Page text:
BUCS Funding Changes – What it will mean for you

Many were sent into panic with the breaking news over the summer that gym fees may be compulsory for clubs. But VP for Activities, Natalie Sutcliffe, is reassuring to say that LUSU are trying to help.

2129
Photo: Sammie Caine

 

Upon hearing the new proposals of increased membership fees, many of the University’s sports clubs were left confused and alarmed. The mention of a potential compulsory £99 membership fee for BUCS teams initially sent many club members into a panic.

Over the summer, each club has had to decide whether to choose Option A, comprising of a £99 membership fee per individual. Benefits that came with this option included essential BUCS support. The other choice was Option B, which places limits on clubs’ training and requires the club to fund half of any BUCS fees. The two options aim to allow clubs to move forward in a way most cost effective for them, considering the circumstances.

VP (Activities) Natalie Sutcliffe told SCAN that for a while, the costs of supporting sport have been increasing, whilst other areas of funding have had to be cut. During the funding meeting in June, it was revealed that 22% of LUSU’s expenditure goes towards competitive sport, in contrast to only 3% on recreational sport. Despite the University ploughing an extra £100,000 into LUSU, a deficit of £78,000 remained, which Sutcliffe said needed to be tackled. If clubs wished to compete in BUCS, something had to change in order to fund this considerable expense.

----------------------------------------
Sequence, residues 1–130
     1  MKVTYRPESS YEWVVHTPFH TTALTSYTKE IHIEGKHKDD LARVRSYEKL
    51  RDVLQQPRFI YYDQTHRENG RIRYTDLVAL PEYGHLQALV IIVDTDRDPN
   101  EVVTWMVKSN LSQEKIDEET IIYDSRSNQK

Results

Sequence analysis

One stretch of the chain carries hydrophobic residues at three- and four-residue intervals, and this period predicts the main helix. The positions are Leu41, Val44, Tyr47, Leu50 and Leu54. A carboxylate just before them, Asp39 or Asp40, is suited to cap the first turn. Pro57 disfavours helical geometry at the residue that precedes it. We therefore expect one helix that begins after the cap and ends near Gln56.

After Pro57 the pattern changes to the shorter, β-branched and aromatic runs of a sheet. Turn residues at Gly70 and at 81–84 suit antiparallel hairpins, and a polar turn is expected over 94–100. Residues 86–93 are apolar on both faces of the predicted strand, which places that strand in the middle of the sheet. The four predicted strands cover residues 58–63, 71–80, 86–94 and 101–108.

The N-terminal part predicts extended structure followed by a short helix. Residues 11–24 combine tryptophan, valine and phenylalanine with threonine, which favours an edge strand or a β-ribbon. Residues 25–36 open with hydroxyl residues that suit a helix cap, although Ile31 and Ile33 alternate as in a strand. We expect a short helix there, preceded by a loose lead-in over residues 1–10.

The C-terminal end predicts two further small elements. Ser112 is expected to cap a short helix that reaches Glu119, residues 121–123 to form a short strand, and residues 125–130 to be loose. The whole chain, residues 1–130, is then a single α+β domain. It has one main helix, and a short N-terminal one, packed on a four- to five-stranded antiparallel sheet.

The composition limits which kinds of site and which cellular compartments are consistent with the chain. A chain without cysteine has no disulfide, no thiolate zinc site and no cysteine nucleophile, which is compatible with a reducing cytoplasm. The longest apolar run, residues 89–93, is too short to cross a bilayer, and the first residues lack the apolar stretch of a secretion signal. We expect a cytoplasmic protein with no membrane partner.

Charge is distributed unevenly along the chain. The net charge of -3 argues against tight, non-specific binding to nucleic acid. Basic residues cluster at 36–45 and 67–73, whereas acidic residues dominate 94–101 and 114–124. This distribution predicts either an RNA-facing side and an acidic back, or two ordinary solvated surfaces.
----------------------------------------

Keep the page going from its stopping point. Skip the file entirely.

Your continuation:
Sutcliffe has gone on record saying that the proposals may have seemed “daunting at first”, but that after working closely with individual clubs over the summer, “students now feel much more positive about adopting the Sport Lancaster models”.

There have been very mixed reactions to the news: some of outrage and some of relative relief. This is because in previous years, some BUCS teams have had to fork out more than the £99, and will actually save money using this model. Some indeed have argued that this makes the cost of sport fairer across the board.

In previous years, BUCS teams were expected to pay for playing kit on top of their membership. However, this year the University is contributing £45,000 of funding towards kit, which means that the teams who have picked Option A will have kit included in their £99 membership. This fee also includes a bronze gym membership, the price of which has dropped from £125 last year. For many BUCS athletes, who would have bought a gym membership anyway, they save a considerable sum of money using this model.

The University’s Netball Club is certainly appreciating the new arrangement. Captain Sally Shacklady described the decision as a “no brainer”, considering most of the girls bought a gym membership last year anyway, and will consequently save money this year. “The deficit isn’t just going to disappear”, Hannah Cakebread told SCAN, “and the netball squad are turning this into a positive”.

However, it must be taken into account that anyone who wishes to play netball recreationally can easily opt out of the fees by joining a college team instead. The same goes for football and other college sports. However, many students are faced with unavoidable expense if they wish to continue playing their favourite sport.